The American Recovery and Reinvestment Act provided $300 million in funding for state-run rebate programs that will give consumers up to $200 who buy energy efficient appliances that carry the Energy Star label.
The appliance rebate program is technically not new. It was included in the Energy Policy Act of 2005, but was never funded. It wasn't until the recovery act that money was appropriated for the program.
The deadline for states to apply for the funds was Aug. 15. Department of Energyspokeswoman Chris Kielich said today all 56 states and U.S. territories have applied for the appliance rebate program funds.
The effort couldn't come at a better time for appliance makers like Whirlpool, which saw its second-quarter sales in North America fall 17 percent to $2.4 billion. Just take a stroll over to your local appliances store ... aside from the crickets, there's not much going on.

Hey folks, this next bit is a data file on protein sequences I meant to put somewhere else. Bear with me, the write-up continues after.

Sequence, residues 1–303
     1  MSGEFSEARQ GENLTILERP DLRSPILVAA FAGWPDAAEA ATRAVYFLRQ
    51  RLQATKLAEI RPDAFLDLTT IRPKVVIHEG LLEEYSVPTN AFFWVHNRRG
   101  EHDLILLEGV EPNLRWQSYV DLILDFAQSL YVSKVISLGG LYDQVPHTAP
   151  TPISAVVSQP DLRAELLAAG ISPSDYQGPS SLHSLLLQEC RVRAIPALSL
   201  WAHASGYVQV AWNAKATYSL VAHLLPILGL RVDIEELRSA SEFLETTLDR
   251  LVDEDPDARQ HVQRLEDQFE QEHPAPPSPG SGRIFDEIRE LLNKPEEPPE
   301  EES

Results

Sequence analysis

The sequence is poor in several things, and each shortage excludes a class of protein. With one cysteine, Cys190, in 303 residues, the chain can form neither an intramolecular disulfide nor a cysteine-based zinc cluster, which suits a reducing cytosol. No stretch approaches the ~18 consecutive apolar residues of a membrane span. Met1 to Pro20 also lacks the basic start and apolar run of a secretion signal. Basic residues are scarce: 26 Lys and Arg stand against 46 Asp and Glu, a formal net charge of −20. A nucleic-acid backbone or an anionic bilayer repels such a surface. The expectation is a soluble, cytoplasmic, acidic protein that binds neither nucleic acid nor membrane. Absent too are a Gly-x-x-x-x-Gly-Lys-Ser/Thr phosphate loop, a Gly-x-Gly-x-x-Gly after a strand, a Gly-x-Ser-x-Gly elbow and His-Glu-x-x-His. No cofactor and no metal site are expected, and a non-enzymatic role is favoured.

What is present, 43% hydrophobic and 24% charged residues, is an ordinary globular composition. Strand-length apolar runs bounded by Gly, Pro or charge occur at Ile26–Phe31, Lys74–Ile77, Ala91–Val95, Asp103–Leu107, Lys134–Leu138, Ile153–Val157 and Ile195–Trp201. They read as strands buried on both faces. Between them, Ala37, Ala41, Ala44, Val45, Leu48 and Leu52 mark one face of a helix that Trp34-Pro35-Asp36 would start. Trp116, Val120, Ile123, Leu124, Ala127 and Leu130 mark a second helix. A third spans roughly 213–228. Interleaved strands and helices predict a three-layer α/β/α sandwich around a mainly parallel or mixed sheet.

The goal of the program -- per DOE -- is to save energy and stimulate the economy by encouraging regular folks to replace their old appliances with new Energy Star qualified models. Each state will develop their own plans for the program -- due Oct. 15 -- including which products will qualify and the amount of the rebates.
DOE will award about 10 percent of a state's allocated funds by Sept. 30, aimed covering costs to develop the program. The remaining funds will be awarded after the DOE approves a state's application and program plan. This means states and, in turn, the appliance industry probably won't see any money until late fall or the end of the year.
Most of the appliances will likely be recycled. About 90 percent of appliances in 2008 were recycled for their valuable metal, according to the Steel Recycling Institute. However, charities and non-profits looking for end-of-the-year donations may also benefit from the rebate program because unlike cash for clunkers, the appliances do not have to be destroyed.
Image from Flickr user Nick Farr, CC 2.0